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If you have bad debt, will your car insurance go up? We have a look at how much your credit score can impact your premium.
Having a credit history is important for you to be financially capable of making various financial decisions. Buying a car, renting an apartment, or buying a house depends on you having a credit score. Once you start getting into bad debt, however, your credit score starts decreasing and you start becoming a risk to creditors. Creditors and insurance companies are now, more than ever, examining the risk profiles of potential clients to establish their creditworthiness.
Most insurance companies in South Africa currently use credit-based insurance scores to determine the risk of potential clients. They determine the likelihood of the client being able to repay the loan and insurance based upon their history of paying previous and current debts. It is important to know that credit-based scores are different from the personal risk profile. This is calculated by assessing the person’s age, income, and personal information that determines the likelihood of the person claiming. The score, as well as the personal assessment, are both used in determining the amount of the premium.
Insurance companies receive credit information about potential clients from rating agencies. The agencies include Experian, Transunion, and XDS. They don’t, however, receive the full credit report, but rather the encrypted score of the individual.
What Should You Do For a Good Insurance Rate?
Consider the following when reviewing your insurance rate:
Research has shown that people with a good credit history tend to be less risky on the road than those with a bad credit history. Credit-based insurance has, therefore, been proven to be a solid predictor of risk. The better your credit history, as well as your driving behaviour, the lower your premium will be. The insurance industry is extremely competitive with each company trying to offer a lower premium than others. You can, however, dictate a low premium by maintaining a solid, stable credit history.
Getting into debt has become a cultural rite of passage for most South Africans. So, should we pay off our debt or save for retirement?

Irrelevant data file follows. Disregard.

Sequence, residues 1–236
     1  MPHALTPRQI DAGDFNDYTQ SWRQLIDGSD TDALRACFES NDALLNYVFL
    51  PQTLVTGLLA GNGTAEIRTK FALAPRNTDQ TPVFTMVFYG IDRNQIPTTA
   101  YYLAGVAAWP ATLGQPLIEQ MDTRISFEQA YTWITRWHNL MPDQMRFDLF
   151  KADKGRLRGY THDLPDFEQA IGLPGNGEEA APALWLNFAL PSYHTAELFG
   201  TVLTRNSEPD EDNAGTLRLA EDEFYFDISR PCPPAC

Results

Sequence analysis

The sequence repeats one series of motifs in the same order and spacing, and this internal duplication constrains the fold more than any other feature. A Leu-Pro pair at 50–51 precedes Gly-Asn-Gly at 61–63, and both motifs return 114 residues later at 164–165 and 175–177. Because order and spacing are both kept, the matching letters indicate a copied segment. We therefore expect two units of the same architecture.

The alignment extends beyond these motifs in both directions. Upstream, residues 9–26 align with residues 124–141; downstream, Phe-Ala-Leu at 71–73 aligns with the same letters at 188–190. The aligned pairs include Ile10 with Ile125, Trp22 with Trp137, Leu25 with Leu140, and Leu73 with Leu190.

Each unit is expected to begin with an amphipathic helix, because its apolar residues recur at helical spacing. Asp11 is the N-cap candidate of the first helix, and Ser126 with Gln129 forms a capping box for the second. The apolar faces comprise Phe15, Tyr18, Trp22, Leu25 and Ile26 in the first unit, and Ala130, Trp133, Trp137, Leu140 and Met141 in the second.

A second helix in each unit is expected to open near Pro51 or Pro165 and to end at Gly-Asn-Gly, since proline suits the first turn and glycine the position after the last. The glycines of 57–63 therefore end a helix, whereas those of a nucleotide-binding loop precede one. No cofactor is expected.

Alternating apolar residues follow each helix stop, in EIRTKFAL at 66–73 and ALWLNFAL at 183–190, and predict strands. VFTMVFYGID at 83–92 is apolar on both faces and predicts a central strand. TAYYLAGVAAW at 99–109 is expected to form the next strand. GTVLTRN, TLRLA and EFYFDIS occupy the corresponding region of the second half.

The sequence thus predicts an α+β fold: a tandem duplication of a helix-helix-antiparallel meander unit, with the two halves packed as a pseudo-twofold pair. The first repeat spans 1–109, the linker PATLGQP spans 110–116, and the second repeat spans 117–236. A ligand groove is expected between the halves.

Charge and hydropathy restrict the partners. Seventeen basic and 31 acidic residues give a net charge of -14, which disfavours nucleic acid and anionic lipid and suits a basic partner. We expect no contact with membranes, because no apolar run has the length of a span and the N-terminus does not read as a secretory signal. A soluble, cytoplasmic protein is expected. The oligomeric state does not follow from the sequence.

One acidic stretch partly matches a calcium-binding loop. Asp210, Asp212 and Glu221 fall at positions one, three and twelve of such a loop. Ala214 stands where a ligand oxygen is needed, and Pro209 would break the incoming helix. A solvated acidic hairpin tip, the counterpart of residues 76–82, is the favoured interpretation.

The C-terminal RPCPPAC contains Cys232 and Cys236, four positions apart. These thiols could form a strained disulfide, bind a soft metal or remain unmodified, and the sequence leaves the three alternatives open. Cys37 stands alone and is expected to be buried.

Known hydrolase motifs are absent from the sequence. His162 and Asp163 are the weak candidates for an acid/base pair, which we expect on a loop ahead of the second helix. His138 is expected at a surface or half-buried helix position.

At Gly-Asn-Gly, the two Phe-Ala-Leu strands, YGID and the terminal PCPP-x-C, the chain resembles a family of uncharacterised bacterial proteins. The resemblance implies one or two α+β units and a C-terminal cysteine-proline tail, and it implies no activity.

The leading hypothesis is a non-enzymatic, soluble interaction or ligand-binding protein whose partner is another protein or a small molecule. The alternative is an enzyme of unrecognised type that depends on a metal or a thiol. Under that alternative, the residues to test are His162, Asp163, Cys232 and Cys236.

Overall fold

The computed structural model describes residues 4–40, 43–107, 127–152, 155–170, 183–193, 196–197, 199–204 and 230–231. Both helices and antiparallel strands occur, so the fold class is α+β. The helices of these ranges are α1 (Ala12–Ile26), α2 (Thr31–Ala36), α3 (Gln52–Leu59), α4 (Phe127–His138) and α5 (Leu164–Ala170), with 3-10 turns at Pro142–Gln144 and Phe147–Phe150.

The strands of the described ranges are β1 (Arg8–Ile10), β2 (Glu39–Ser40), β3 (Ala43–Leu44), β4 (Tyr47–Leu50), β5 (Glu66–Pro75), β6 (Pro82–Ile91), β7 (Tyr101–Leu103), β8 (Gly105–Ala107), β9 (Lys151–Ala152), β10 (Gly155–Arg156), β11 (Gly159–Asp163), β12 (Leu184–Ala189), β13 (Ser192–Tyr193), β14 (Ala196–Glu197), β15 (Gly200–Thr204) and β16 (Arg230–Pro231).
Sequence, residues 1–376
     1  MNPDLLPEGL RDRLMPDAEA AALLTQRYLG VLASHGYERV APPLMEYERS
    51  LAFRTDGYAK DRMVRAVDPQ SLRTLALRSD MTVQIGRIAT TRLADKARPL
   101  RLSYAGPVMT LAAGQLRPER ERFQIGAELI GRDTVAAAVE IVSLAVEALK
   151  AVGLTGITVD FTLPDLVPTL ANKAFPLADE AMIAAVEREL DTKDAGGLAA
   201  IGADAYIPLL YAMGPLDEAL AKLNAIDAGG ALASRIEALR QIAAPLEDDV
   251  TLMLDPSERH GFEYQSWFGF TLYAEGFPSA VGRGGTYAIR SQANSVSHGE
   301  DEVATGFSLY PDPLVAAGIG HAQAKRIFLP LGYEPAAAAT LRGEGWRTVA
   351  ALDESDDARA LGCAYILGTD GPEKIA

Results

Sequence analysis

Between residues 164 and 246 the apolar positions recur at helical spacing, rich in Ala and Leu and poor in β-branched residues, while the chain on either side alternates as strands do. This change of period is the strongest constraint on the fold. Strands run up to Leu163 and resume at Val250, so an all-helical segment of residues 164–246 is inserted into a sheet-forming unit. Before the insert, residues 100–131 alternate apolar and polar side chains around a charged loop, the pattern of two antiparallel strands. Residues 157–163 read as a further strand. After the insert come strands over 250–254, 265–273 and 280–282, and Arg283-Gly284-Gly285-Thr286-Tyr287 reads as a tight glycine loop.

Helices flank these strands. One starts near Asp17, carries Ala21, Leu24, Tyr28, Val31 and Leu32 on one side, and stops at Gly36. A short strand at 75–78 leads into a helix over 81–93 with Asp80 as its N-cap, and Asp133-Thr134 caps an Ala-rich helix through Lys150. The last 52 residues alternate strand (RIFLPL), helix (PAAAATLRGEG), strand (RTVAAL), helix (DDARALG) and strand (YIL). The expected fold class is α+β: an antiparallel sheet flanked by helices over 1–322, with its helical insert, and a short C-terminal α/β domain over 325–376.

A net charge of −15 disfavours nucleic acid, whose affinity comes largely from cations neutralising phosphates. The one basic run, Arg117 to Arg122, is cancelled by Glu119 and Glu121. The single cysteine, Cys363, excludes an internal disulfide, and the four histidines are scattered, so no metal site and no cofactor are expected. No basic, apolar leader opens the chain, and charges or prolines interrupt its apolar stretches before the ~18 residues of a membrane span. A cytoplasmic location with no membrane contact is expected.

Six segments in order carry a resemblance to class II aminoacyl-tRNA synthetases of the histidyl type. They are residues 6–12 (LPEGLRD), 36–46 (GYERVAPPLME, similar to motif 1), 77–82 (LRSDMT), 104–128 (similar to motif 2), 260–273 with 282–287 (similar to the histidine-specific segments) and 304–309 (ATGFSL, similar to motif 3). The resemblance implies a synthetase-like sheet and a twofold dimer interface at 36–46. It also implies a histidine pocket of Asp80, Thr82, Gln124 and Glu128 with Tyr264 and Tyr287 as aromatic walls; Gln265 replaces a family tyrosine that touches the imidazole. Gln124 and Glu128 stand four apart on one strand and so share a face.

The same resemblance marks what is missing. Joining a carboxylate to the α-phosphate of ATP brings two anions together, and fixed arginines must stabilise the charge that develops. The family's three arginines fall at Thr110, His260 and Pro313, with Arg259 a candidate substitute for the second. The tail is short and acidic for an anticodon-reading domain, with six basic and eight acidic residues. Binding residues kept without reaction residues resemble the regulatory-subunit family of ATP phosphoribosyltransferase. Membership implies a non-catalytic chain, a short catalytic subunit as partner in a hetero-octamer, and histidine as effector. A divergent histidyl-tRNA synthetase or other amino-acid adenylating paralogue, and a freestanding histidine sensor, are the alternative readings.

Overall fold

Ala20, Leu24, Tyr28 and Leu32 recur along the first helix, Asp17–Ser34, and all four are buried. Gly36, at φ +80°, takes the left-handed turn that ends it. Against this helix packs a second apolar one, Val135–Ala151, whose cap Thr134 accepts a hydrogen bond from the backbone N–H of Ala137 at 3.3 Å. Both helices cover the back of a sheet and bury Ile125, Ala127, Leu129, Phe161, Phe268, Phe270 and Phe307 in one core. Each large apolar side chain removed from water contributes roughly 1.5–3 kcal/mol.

Can you pay my bills? Can you pay my telephone bills?
Perhaps Destiny’s Child were also trying to figure out where to find extra cash to start saving for retirement. Just like us, mere mortals.
When asked, someone once told us that they paid their debts according to whoever called first. This (over-indebted) individual obviously did not have enough to go around at the time. But, say they had a bit more freedom to choose, would they pay off their debt? Or grow that cash for retirement? It’s a valid question for any of us. Especially in a ‘financed’ culture, where we’re paying off everything we think we own. More than half of South Africans owe as much (or more) than 75% of their salaries to debt repayments. It comes as no surprise, then, that many people choose to fast-track debt repayments – and delay boosting retirement contributions in the process. But, what you save in interest with this method, you pay in compound interest lost by not saving for retirement.
Considering the statistics from our National Treasury that only 6% of South Africans will be able to retire without having to change their standard of living, this is a considerable cost. Steven Nathan, 10X Investments CEO, shared on the 10X blog that the reason for this dire statistic is that people don’t understand the retirement savings industry. He says that it is crucial people understand how retirement funds work in order to achieve a comfortable retirement.
Most people underestimate the losses incurred when they delay saving for retirement. An example would be someone who needs to free up some cash short-term and chooses to make a retirement annuity ‘pay up’ instead of cutting DStv for a year. Nathan advises you ask yourself: “How much money do I need to save to have the same standard of living in retirement? Am I saving enough? Am I on track? Am I saving the right way?”
Christo Davel, 22seven CEO, said that where debt and retirement are bidding for priority status in your budget, the question shouldn’t be ‘either/or’.
“The practical solution is to find money. We believe that there is almost always some money to be found … it may be R100 a month or R1 000. Once you know where it is, then you can think about the ‘debt or retirement’ question practically.”